"Caroline Léonardelli utterly inhabits the serenade..."
Caroline Léonardelli, harp. CEN Classics, 2020.
The musical term “serenade” comes from the Latin serenus, the same derivative that brings us the word serene. So it is with this light and placid feeling a performer ought to approach this particular genre of music, one meant to be played in the out-of-doors, typically at night, and by a lover. From the very first notes, warm and rich like a sinful dessert, Caroline Léonardelli utterly inhabits the serenade, as if singing rather than playing below an ivy-covered balcony.
A French artist of Italian descent, Léonardelli tells us she always had a “burning desire” to record Italian music but was not exposed to it much except as a listener. It would take her some study to uncover pieces from a period stretching from the late 19th into the early 20th century, when the modern harp was becoming popular at the conservatories in Milan and Naples.
Her research unearthed two harpist composers unknown to her, and to many of us, Luigi Tedeschi and Giovanni Caramiello. Léonardelli presents three compositions by the self-taught Tedeschi. The most complex is the Suite in F Minor, a glimpse into the full palette of Italy’s sound world at the the turn of the century. Léonardelli’s legato would be the envy of any singer, and her ability to suck us into the shadowy chiaroscuro atmosphere is wondrous. Equally impressive is the quietude surrounding her, as if a mantle, even as the music bounces along, clearly requiring concentration and impeccable craft.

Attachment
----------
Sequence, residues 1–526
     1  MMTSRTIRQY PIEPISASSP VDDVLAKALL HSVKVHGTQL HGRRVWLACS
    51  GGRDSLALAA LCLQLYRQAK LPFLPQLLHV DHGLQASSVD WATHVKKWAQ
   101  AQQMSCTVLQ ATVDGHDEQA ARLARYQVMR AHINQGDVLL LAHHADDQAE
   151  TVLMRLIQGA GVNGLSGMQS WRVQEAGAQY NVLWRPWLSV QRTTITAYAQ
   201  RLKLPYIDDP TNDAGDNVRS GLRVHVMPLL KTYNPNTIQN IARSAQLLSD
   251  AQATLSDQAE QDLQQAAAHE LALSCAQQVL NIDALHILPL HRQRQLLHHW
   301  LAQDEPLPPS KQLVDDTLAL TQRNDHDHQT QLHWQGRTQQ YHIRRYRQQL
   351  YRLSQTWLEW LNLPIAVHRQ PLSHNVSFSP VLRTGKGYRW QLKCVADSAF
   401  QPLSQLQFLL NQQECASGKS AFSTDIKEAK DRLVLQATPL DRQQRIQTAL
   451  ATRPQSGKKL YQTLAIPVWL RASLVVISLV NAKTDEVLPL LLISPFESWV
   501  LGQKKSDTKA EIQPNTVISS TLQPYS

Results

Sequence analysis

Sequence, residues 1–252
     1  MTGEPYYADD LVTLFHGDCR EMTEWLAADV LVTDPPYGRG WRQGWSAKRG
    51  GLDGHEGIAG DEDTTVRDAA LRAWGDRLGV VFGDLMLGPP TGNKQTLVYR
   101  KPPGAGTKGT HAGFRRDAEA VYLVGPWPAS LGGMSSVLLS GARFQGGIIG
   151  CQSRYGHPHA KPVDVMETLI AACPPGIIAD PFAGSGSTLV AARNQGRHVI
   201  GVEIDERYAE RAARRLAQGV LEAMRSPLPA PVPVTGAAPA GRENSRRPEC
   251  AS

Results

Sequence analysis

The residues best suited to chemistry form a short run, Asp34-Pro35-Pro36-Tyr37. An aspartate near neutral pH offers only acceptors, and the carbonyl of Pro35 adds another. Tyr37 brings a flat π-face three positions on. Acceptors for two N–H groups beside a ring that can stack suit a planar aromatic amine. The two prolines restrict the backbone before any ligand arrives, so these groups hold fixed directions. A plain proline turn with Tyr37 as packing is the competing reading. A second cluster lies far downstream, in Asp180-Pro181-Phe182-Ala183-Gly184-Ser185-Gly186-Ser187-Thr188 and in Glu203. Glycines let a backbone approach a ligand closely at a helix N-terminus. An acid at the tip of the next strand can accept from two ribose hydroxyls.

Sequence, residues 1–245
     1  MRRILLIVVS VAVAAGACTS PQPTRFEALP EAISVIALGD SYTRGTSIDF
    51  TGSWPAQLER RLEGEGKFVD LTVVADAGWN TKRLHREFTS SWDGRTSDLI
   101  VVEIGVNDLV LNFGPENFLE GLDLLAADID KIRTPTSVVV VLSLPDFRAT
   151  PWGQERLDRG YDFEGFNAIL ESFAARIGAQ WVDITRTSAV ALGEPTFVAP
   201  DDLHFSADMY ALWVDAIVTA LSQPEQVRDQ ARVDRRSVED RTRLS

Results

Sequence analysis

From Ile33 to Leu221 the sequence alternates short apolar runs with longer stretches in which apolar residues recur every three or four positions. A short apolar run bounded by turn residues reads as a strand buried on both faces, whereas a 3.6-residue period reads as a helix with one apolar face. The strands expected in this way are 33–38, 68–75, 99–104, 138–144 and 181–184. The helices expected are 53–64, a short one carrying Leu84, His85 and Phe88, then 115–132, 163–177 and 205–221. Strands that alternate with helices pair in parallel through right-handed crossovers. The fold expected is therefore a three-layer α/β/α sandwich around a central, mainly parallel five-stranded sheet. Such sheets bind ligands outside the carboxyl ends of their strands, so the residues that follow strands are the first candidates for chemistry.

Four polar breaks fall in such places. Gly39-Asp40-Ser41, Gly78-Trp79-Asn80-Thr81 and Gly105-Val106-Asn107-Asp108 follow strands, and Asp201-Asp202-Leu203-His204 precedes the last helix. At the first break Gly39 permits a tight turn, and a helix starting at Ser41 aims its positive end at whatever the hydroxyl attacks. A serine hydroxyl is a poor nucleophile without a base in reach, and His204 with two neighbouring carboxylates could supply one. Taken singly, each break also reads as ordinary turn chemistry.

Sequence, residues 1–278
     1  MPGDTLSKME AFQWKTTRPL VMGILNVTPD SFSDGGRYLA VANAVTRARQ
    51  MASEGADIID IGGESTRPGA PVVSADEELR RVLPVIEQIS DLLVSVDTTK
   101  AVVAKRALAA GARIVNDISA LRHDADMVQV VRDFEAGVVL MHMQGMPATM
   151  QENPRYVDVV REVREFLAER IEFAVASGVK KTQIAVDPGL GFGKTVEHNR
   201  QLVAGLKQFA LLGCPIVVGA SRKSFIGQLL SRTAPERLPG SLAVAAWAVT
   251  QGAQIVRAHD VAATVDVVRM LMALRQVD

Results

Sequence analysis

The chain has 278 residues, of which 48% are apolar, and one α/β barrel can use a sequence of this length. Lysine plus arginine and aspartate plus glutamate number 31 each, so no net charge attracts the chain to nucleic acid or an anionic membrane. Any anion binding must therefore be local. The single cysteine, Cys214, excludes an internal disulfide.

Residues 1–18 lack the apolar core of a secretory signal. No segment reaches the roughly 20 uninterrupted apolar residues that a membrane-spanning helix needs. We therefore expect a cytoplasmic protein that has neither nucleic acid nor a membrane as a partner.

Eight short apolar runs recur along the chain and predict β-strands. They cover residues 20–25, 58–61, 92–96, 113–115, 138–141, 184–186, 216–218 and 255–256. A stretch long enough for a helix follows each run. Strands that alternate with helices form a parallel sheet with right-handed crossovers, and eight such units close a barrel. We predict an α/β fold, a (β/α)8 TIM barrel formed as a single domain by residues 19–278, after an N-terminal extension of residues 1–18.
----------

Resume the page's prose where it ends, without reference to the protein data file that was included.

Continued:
Caramiello’s Rimembranza di Napoli and Le serenate del Vesuvio are examples of his use of popular music to create study pieces. Léonardelli’s sumptuous and polished playing sets these utilitarian works apart as worthy concert pieces. The title track is by Alessandro Longo, a professor and conservatory director best remembered for compiling a catalog of Scarlatti’s piano works. In his waltz, Léonardelli lingers ever so much on the arpeggiated second beat, adding a lift and airiness that defines the entire disc.
Naturally, Donizetti makes an appearance (twice) with virtuosic fantasies on well-known arias. German harpist Albert Zabel’s Lucia di Lammermoor allows the performer to show off every bit of her artistry and Léonardelli obliges in style. John Thomas captures the woe of “Una furtiva lagrima” from The Elixir of Love, perhaps the only moment of repose in this opera buffa. Again, Léonardelli leaves nothing on the table, indulging every emotion.
The most contemporary composer in the collection is Virgilio Mortari, who died in 1993. The two short pieces—a sarabande and toccata—are from different suites, but pair together exquisitely. Léonardelli captures the solemnity and contemplative with aplomb before launching into a puckish romp of catch-me-if-you-can.